The limits of signal averaging in atmospheric trace-gas monitoring by tunable diode-laser absorption spectroscopy (TDLAS)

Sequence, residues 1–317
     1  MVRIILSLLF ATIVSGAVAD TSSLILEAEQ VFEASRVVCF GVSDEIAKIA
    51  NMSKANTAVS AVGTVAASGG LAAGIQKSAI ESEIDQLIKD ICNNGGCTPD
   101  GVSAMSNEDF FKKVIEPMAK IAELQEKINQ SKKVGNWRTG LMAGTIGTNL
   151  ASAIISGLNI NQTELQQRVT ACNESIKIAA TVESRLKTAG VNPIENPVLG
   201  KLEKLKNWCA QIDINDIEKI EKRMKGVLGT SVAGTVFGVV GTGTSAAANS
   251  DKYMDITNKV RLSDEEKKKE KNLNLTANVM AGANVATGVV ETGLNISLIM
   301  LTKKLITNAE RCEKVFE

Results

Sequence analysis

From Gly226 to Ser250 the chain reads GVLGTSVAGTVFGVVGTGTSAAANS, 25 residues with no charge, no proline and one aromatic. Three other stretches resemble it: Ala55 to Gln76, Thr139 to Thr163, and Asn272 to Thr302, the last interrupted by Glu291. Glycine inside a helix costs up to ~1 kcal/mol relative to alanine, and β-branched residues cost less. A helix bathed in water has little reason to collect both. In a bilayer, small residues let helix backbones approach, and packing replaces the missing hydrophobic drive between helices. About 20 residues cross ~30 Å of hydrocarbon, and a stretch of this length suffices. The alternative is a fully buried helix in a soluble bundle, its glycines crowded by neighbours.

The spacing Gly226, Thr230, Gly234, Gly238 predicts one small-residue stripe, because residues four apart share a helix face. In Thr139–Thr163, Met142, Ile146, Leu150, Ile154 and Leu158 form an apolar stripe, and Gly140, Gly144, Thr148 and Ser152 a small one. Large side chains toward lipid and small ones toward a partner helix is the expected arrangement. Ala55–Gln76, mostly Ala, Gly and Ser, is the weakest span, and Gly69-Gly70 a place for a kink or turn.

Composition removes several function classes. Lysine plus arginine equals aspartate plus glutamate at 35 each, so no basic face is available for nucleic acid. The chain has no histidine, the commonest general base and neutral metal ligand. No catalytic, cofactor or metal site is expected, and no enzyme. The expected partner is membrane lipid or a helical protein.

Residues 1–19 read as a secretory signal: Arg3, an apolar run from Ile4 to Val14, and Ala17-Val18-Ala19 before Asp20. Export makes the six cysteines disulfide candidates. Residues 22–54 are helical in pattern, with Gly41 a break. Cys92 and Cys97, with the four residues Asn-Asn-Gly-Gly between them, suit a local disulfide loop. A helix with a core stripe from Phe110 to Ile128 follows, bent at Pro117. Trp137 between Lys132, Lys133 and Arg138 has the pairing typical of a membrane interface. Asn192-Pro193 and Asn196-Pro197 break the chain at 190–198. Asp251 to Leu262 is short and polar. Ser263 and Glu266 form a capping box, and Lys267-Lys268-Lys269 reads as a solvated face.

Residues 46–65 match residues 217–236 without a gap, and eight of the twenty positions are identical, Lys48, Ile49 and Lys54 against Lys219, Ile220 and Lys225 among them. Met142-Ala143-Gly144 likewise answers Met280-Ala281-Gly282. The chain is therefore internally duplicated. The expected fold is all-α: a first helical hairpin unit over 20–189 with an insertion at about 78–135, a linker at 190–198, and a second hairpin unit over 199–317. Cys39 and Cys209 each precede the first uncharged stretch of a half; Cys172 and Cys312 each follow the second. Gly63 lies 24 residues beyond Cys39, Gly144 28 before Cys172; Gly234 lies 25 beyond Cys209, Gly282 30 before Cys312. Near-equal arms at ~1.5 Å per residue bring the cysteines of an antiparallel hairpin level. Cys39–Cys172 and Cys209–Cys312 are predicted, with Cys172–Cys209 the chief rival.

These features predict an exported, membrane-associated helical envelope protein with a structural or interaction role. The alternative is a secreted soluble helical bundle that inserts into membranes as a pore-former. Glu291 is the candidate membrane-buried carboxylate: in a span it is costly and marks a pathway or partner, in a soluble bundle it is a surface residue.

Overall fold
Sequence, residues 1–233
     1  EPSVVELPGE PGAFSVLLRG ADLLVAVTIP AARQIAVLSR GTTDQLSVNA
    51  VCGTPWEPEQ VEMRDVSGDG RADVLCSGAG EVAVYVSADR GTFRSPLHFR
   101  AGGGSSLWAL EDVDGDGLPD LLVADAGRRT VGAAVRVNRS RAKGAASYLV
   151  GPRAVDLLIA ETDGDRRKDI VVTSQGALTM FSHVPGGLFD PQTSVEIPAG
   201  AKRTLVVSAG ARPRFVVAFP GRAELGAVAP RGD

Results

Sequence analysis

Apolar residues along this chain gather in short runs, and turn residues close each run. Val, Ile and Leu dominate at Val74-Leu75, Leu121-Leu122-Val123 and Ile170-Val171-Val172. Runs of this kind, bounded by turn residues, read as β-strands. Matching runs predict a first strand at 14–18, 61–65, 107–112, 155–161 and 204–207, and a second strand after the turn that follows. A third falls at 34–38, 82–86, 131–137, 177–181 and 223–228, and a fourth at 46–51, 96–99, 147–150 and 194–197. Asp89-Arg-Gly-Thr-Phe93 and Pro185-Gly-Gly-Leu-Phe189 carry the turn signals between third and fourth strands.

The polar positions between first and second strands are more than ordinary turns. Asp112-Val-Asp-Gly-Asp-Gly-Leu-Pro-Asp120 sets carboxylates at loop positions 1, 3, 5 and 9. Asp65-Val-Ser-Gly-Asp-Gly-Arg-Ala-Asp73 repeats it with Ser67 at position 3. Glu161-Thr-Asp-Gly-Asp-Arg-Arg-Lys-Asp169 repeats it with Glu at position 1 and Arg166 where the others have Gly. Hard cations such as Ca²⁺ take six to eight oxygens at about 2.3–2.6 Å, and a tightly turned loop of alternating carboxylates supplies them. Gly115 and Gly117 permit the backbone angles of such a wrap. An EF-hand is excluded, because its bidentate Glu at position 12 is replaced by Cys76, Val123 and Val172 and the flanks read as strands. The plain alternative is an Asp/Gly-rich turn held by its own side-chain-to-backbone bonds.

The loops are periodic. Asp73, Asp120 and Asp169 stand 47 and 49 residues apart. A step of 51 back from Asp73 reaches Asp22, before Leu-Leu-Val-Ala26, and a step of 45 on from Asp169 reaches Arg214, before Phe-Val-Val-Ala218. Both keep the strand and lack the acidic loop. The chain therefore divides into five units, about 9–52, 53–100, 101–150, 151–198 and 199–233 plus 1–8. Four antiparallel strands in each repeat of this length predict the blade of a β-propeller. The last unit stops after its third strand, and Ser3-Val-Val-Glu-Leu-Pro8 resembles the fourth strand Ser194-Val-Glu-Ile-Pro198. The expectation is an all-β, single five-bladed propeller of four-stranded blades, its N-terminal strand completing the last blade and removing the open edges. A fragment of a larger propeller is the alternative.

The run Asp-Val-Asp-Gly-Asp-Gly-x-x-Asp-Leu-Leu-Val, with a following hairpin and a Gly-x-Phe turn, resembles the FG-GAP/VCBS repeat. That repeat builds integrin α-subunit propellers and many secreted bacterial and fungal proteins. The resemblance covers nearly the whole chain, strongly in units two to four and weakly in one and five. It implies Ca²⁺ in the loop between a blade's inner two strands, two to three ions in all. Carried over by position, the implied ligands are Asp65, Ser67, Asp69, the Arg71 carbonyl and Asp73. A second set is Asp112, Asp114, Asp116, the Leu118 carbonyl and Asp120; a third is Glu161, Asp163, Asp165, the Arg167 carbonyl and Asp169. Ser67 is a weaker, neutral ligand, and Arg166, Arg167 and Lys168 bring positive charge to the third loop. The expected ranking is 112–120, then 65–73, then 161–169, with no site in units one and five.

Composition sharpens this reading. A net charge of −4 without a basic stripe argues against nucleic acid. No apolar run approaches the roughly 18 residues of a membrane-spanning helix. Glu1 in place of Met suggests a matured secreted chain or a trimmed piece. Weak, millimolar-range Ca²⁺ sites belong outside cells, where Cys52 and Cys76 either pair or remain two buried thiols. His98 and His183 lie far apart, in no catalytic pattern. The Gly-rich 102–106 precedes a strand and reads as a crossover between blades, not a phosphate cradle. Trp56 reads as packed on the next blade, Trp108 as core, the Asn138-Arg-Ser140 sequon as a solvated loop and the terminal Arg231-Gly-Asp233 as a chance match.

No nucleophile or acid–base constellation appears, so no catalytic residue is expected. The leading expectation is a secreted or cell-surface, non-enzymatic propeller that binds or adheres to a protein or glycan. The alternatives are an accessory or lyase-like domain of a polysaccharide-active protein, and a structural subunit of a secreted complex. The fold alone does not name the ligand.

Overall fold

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Modern research in atmospheric chemistry requires highly sensitive techniques for the measurement of concentrations of free radicals which determine the rate of photochemical destruction of most atmospheric pollutants. Tunable diode-laser absorption spectroscopy (TDLAS) has already been successfully used for measurements of very low concentrations of stable gases, but further improvement in its sensitivity by signal averaging has been limited by the stability of the instrument. In this paper the concept of the Allan variance is utilized to analyze the stability of an existing frequency-modulated (FM) TDLAS instrument leading to a detection limit for NO2 of 34 pptv at 6 Hz detection bandwidth. The stability of the instrument allows averaging over 60 s. Taking into account the measuring cycle consisting of the determination of the sample spectra and zero air spectra as well as gas exchange in the absorption cell, the detection limit achievable with this particular instrument was 10 pptv within 25 s under laboratory conditions. Possibilities of further improvement of the detection limit are discussed.
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